We Reform Jews take a different approach to the theology of Kaddish. We do not believe that we elevate the souls of our dead to Paradise by reciting Kaddish for them. Rather, we recite Kaddish because it is the primary liturgical expression of traditional Jewish mourning. For us, it evokes the unbroken link of memory that binds every Jewish generation to its past. Its recitation is the way we declare our faith, even at the darkest moments of loss, in the eternity of Israel’s covenant with God, in the triumph of hope and “in the coming of the Divine kingdom.” We no longer hold, therefore, that the recitation of Kaddish is “for the honor of the dead”; it is, however, vitally important for us that we say it. As such, this ritual indisputably serves “the honor of the living,” and the dead, according to the Talmudic principle, are not entitled to deny us the “honor” – we would prefer to say “responsibility” – of mourning as Jews. Thus, we recite Kaddish whether or not our loved ones request us to do so, or even if they forbid us from doing so after they are gone.
3. To Honor One’s (Non-Jewish) Parent. A Jew is therefore obligated to say Kaddish and to mourn a parent even though the parent has instructed the child to the contrary. Our duty to honor our parents does not empower them to demand that we cease to act as Jews. This parent, however, is a non-Jew who for his own very heartfelt reasons does not want his daughter to recite Kaddish over his grave. She might argue that her practice of mourning is her own business, one that flows from her sense of Jewish religious duty, and that this duty overrides any obligation to honor his wishes. Yet this non-Jewish father has every right to believe that the commandment “honor your father and your mother” prohibits his daughter from drawing him against his will into a world of religious duty and observance that is not his own. We are speaking, after all, of his funeral, his burial place in a non-Jewish cemetery. Seen from this perspective, the daughter who stands at that place and recites Kaddish is no longer simply “minding her own business” or “mourning in her own way”; she has invaded her father’s “space” with Jewish ritual in direct contradiction to his wishes.
We think that the daughter should honor her father’s request and not say Kaddish at his grave. We base our conclusion primarily upon two reasons.
First, to say Kaddish over the father’s grave in violation of his explicit instruction would smack of religious coercion. As we have noted in another context, our experience as Jews in a free society has made us quite sensitive to actions that, however unobjectionable they appear to some, strike others as an unwanted intrusion of religion into their lives. We reject those actions when others perform them; we should avoid them as well.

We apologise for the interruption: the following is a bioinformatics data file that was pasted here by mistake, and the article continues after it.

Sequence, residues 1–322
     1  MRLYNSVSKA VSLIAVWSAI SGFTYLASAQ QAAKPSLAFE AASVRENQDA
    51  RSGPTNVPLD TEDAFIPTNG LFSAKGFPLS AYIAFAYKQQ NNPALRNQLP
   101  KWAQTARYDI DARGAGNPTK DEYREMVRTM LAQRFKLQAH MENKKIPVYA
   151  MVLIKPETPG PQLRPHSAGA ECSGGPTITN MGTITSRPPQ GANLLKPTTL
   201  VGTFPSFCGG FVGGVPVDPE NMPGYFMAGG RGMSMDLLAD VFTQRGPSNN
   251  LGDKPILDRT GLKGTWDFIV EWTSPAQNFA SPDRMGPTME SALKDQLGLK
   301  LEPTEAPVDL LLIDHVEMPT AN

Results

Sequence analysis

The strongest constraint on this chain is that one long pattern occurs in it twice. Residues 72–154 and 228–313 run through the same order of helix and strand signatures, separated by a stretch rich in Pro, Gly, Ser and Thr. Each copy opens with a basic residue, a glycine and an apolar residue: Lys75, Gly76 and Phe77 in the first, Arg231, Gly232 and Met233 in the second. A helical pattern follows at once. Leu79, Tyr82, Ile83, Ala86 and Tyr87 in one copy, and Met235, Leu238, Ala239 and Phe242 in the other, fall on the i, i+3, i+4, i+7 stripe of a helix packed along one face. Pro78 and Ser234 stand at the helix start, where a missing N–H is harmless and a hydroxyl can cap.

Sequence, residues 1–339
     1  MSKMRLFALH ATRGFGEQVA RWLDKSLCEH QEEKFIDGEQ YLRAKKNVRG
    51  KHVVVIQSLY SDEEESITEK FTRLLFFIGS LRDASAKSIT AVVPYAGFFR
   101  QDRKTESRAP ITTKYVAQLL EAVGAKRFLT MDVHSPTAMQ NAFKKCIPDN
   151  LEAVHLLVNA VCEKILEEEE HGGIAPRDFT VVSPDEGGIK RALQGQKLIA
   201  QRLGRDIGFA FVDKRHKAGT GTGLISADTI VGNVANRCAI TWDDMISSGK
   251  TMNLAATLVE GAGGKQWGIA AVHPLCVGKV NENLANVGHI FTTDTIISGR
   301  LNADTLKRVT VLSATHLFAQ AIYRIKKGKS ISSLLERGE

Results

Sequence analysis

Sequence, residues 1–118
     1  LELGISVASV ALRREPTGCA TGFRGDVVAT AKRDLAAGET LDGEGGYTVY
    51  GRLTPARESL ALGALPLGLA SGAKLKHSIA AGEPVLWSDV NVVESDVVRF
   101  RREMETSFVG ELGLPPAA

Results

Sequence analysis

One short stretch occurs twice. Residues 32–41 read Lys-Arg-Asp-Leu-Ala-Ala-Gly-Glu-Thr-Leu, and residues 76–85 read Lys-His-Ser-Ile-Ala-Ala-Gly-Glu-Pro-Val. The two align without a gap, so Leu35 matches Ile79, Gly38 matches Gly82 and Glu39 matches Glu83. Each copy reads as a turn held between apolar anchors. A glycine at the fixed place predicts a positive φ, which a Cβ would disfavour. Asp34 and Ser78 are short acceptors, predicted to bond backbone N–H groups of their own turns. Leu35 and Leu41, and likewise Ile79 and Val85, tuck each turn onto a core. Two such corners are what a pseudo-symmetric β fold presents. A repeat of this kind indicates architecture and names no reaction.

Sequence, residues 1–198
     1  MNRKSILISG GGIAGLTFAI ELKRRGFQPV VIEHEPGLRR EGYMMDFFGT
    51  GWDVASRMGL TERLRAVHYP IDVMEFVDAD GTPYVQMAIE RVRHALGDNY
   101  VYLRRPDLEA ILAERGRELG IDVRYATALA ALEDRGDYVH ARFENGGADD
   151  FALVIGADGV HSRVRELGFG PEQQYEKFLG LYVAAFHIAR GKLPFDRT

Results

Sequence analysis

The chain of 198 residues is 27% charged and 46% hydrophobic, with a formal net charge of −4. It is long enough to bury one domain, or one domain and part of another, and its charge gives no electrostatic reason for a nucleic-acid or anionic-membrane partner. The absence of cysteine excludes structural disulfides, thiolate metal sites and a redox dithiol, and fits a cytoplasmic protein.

Second, since the funeral service will be a non-Jewish one, taking place in a non-Jewish cemetery, it is arguably inappropriate to introduce Jewish ritual into that setting. Such, after all, is our own policy: although we in the Reform movement permit the burial of non-Jews in our cemeteries, we insist that the burial service be a liturgy of our own devising, that no non-Jewish liturgy be used, and that no non-Jewish religious symbolism be displayed during the service or on the tombstone. We believe that this is a reasonable standard, and we also believe it to be reasonable when non-Jews apply it to their services. It is only right to accord to this father the same understanding that, were the situation reversed, we would ask of him.
Note that we are speaking of the non-Jewish funeral and the father’s grave. It is there that the daughter should honor her father’s wishes. Elsewhere, however, her decisions as to how she shall mourn are very much her own. If, for example, her father had requested that she never say Kaddish for him, even while observing shiv`ah or at a synagogue service, she would be under no obligation to honor that request. In those Jewish settings, her wishes and her sense of religious duty would prevail over his. Fortunately, the father’s request does not seem to extend beyond the boundaries of the cemetery in which he is to be buried.
Conclusion. We have argued the following points.
- The Jew-by-choice owes the same duty of honor to his or her parents as does the born Jew. This includes the obligation to mourn them when they die.
- A Jewish parent is not entitled to instruct his or her child not observe the rites of mourning or recite Kaddish. The child, though obliged to “honor” the parent, has no duty to fulfill such an instruction.